18 Jul

5,000 Beat Wind And Rain At Gateshead 10K

Great North 10k logo

Difficult weather conditions tested the 5,000 runners who took part in yesterday's Bupa Great North 10k road race in Gateshead. Despite the rain and wind and a course that included several challenging hills, participants enjoyed a terrific spirit throughout the race and a great stadium finish.

At the business end of the race Louise Damen who recently withdrew from next month's World Championships marathon as she bids to recover full fitness after injury, was first woman crossing the line in 33:53. Behind the reigning English National Cross Country champion, local women Kate Avery and Angela Hibbs clocked 34:54 and 37:56.

Damen, who brilliantly achieved the qualifying times for both next month's World Championships in Daegu and more importantly, the 2012 London Olympic Games at the Virgin London Marathon in April, was ecstatic after that performance. But it came at a cost when incurring a sore hernia which saw her reluctantly withdraw from the British team for Daegu where the Worlds' get underway on 27 August.

The Winchester athlete, in her first race since having surgery, said: "It was fine and I felt no effects from the injury. Today was just a case of blowing away the cobwebs and it was more a strength performance than one of speed."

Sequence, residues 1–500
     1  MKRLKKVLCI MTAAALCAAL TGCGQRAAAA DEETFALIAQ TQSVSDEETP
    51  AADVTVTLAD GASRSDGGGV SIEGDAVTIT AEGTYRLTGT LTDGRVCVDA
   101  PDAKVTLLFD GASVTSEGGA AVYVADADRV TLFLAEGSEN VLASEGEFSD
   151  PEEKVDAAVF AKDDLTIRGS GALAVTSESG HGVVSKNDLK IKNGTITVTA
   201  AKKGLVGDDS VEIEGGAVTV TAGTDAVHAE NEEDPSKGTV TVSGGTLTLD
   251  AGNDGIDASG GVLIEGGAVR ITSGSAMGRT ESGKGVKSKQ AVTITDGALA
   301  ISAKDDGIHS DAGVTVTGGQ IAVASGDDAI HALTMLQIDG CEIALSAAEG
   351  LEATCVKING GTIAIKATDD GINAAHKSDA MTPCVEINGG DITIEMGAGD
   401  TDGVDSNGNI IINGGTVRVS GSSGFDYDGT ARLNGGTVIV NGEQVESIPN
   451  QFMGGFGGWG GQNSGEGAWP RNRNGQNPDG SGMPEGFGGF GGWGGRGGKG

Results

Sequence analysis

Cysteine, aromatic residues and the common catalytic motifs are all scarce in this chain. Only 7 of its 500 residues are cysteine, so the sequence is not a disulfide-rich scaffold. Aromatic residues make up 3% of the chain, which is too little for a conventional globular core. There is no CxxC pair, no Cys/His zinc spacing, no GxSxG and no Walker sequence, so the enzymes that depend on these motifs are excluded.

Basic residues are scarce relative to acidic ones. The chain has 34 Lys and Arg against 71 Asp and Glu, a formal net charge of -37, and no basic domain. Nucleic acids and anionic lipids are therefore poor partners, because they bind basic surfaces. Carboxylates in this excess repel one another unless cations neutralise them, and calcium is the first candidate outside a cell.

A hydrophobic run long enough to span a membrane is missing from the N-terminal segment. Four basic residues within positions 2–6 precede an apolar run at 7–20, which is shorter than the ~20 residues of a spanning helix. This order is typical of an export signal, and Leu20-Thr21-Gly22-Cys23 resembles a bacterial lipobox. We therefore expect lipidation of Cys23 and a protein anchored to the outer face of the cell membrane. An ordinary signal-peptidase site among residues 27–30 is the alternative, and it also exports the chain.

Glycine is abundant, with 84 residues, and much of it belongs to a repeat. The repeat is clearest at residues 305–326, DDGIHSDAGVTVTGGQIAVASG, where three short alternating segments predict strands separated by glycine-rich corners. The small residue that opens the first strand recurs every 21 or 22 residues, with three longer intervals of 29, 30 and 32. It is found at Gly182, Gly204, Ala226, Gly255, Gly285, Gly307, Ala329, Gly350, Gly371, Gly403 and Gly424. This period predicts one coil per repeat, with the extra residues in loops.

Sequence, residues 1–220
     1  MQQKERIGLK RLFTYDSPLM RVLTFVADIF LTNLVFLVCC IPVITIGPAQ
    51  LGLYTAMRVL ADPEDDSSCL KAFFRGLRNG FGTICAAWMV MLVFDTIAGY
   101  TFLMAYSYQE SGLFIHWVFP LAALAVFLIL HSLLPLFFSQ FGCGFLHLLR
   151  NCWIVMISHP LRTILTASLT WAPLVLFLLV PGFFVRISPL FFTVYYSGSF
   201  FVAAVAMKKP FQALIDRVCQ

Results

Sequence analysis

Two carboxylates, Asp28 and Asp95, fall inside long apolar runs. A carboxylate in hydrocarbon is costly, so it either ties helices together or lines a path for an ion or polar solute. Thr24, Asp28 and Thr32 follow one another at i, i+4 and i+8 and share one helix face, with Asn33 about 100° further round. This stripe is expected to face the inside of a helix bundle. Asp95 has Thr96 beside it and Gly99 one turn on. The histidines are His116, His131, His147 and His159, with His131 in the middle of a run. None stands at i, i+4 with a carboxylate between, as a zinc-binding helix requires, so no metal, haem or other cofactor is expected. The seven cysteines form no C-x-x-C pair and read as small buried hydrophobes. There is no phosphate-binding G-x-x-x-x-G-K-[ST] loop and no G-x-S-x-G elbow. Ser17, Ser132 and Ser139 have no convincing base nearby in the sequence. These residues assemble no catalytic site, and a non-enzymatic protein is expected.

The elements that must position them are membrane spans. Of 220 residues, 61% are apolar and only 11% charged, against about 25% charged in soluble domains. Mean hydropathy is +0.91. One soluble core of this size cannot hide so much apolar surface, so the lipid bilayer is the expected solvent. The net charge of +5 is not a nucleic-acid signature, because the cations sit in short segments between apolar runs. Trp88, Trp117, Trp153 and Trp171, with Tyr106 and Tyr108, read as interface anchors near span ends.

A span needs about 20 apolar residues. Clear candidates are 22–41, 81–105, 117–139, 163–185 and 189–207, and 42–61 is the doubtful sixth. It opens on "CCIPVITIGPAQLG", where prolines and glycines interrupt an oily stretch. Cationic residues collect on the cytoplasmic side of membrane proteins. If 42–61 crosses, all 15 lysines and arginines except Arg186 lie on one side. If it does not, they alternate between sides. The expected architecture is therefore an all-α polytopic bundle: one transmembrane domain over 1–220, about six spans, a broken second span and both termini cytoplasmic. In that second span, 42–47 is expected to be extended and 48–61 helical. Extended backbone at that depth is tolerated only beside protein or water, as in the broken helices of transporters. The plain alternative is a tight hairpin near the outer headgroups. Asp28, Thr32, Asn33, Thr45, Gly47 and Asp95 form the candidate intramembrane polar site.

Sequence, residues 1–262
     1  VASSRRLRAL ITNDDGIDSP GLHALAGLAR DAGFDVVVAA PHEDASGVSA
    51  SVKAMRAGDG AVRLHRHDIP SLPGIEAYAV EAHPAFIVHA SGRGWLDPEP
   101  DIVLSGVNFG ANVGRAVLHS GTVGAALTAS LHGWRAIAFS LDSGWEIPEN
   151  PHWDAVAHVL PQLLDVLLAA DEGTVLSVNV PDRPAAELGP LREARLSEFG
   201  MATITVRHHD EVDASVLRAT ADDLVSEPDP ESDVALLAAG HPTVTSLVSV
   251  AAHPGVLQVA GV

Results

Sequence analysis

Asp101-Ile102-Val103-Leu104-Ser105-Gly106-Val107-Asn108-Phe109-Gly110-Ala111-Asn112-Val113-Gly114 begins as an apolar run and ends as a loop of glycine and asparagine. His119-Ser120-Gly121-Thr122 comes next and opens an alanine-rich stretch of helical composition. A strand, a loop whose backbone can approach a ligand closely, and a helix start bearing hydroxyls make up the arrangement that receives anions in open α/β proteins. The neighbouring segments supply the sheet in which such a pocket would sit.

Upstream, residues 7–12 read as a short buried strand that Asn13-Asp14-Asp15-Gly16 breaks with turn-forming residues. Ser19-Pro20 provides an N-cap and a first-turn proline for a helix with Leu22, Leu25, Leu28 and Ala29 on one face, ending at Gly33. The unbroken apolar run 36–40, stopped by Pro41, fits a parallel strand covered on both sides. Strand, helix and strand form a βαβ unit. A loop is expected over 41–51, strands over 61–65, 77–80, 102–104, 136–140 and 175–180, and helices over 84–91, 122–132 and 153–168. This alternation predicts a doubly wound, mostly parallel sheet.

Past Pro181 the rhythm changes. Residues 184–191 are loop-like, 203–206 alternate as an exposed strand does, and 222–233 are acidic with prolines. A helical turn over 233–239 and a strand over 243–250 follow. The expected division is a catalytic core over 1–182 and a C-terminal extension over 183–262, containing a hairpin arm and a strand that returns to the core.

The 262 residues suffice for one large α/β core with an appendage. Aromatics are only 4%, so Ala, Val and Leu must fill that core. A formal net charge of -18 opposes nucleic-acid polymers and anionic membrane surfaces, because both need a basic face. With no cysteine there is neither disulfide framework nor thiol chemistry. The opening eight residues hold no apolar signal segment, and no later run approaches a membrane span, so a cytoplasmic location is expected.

Damen, who broke clear after just 3km, added: "Now that I'm not going to Daegu I'm thinking of an autumn marathon. I've got two or three in mind and will make up my mind in a couple of weeks."

Damen's fellow British international Scott Overall, a former national 5,000m champion, won his race in an impressive time of 29:48 seconds despite the difficult conditions. Behind him Mark Miles and Ian Hudspith fought a much closer battle, before the former got ahead approaching the finish inside Gatehead International Stadium, to take second place by four seconds in 30:09.

Overall, who broke clear of his two rivals after 8km, said: "I began to put on pressure and started pulling away with Ian the first to fall off the pace followed by Mark. It was a tough course, quite angular and the steep hill with a kilometre remaining was particularly hard and took plenty out of me. I didn't realise it was there. But that made it an even better race to win. That's what I came here for."

The third staging of the Bupa Great North 10km, which switched venue from Sunderland this year, attracted an entry of over 5,000 runners raising thousands of pounds for charity.

Race results are now available online.